The NY Times reported on a new report that indicates that lawsuits improve the quality of health care because providers learn from their mistakes. "New evidence, however, contradicts the conventional wisdom that malpractice litigation compromises the patient safety movement's call for transparency. In fact, the opposite appears to be occurring: the openness and transparency promoted by patient safety advocates appear to be influencing hospitals' responses to litigation risk."
Lawsuits can also reveal errors that should have been reported but were not — medical providers notoriously underreport errors (although studies have shown that the threat of litigation is not responsible for this underreporting) and lawsuits may fill these gaps.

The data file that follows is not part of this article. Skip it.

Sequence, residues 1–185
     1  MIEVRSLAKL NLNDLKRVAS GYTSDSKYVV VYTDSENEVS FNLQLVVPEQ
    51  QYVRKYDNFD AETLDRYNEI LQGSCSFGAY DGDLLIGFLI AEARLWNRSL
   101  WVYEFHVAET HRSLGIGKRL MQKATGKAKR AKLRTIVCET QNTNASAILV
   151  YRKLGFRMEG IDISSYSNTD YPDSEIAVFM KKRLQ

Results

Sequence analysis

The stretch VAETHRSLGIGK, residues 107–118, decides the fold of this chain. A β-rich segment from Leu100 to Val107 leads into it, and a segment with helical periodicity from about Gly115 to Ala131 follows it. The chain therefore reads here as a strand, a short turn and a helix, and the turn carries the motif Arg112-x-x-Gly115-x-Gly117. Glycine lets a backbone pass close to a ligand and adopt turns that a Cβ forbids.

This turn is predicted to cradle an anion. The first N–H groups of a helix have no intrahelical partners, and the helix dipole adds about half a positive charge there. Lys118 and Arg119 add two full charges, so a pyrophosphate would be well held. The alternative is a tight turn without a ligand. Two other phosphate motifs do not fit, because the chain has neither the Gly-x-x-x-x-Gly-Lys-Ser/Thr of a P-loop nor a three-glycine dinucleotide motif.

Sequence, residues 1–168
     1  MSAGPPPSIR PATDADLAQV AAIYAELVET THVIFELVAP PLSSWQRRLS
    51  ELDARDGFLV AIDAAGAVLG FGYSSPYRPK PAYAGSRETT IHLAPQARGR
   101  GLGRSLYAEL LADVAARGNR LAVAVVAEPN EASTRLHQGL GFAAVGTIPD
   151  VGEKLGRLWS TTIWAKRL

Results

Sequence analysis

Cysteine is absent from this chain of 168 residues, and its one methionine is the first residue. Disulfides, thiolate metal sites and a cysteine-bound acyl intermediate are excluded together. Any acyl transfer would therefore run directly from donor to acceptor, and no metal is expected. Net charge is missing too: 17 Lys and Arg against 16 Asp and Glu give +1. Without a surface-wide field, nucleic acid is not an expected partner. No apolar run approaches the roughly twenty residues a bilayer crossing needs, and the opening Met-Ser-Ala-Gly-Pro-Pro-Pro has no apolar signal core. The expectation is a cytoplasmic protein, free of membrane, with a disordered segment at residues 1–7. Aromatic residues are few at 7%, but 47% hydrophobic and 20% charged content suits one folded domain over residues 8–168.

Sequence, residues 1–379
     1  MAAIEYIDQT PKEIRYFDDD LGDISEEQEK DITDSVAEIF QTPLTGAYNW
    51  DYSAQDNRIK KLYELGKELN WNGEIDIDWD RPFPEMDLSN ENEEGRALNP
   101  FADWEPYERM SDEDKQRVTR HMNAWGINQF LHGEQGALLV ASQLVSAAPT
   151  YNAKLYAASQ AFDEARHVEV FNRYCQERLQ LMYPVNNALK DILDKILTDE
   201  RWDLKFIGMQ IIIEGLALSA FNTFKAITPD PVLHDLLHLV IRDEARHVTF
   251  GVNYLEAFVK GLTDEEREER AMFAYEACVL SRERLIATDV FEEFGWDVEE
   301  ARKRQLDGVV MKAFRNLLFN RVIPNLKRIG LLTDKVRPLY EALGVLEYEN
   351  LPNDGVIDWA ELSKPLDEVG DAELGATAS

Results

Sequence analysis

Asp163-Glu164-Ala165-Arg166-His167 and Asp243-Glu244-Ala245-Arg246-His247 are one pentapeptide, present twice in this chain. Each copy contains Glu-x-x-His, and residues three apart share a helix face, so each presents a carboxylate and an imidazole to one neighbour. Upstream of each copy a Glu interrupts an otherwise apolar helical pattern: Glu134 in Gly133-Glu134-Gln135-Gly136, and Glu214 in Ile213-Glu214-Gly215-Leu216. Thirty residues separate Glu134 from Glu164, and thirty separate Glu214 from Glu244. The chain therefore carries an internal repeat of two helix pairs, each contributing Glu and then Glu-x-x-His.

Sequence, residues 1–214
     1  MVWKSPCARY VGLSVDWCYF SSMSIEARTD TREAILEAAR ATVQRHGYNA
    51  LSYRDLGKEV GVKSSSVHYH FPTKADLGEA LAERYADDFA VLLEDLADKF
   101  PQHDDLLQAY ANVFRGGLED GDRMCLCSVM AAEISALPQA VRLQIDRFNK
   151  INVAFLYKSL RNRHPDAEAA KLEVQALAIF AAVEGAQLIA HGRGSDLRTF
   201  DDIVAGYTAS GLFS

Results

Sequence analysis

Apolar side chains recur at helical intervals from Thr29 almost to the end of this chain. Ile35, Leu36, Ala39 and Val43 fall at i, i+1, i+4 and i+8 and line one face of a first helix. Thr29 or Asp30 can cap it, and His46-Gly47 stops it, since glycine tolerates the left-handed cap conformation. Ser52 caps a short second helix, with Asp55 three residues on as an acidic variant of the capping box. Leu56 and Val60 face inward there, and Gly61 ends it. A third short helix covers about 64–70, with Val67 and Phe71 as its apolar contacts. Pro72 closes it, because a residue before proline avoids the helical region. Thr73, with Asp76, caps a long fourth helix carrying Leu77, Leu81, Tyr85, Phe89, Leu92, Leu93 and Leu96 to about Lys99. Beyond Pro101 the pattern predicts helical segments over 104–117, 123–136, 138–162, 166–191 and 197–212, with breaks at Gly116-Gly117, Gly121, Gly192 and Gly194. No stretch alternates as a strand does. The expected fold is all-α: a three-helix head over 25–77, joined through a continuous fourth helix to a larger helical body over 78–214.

Experts agree that the best way to reduce medical error is to gather and analyze information about past errors with an eye toward improving future care. Full disclosure and transparency is the best way to improve safety and prevent injury. Several factors appear to have overcome resistance to transparency, including widespread laws requiring disclosure to patients. Hospitals have also found that disclosing errors to patients and offering early settlements reduces the costs and frequency of litigation.